alive the last years when some of us became busy with
    the next generation, roles changed and will change
    (having noone specific in mind).

    To me, the tour was very balanced in a positive and
    enjoyable sense: the wheather, the place, the sports,
    the team and the language: except for the first every
    aspect had to be earned a little, and finally was
    worth it very, very well.

    The wheather: was simply perfect, if not kind of
    “ironically perfect”: when our plane took of heading
    for home, the rain started (Thomas was hit
    by 2 drops).

    The place: awfully beautiful nature, the flourishing
    fields in violet (not lavender, which is later in the
    year), red (poppy) and yellow (?) like an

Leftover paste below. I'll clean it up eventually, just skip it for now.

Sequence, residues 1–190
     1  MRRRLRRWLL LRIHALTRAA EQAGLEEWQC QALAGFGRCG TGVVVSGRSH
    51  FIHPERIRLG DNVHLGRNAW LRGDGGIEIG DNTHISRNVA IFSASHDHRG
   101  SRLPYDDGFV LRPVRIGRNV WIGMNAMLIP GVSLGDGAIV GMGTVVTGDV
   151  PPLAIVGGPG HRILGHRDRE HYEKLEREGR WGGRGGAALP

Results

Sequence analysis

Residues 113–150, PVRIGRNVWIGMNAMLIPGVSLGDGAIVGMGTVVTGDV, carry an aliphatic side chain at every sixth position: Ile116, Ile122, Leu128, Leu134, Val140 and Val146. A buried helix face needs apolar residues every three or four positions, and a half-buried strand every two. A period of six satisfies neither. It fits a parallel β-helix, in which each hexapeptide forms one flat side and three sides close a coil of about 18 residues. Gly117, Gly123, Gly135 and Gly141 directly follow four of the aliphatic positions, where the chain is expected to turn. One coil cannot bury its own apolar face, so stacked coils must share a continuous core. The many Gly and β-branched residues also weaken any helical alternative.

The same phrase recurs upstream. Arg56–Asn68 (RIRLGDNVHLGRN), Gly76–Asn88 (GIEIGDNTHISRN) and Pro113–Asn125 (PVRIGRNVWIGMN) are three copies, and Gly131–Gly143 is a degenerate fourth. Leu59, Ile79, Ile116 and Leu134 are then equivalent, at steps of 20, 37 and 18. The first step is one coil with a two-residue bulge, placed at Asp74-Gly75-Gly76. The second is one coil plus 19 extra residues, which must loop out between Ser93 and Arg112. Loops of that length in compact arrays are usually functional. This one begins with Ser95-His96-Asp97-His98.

impressionistic painting (or was it the other way
    around?), in Provence merging slowly with the
    foothills of the Alps (thanks leo 😉 ) and finally
    feeling like real Alps (wind, stones, meager (?)
    trees at 1200 m), not to mention the Gorges du Verdon,
    simply breathtaking. Earned by: the first km from
    Avignon on a bikepath (!) next to a highway, having in
    mind the 6000 dead people per year in Germany in
    normal traffic (made me feeling a little uneasy), and
    the last downhill climb to Nizza on the last day on (!)
    an highway. A price not too high, but a price.

    The sports: oh yeay. Challenging. Days 2-4, Luberon:
    good preparation for what should follow. Up and down.
    Partly easy, partly with a feelable “training
    effect” 😉 (no, no, there’s nothing like irony in
    there). Days 5 and 6: heading slowly for “it”, and
    then climbing. From about 400/500m to 1200m on only
    a very few km. But after the previous days it was not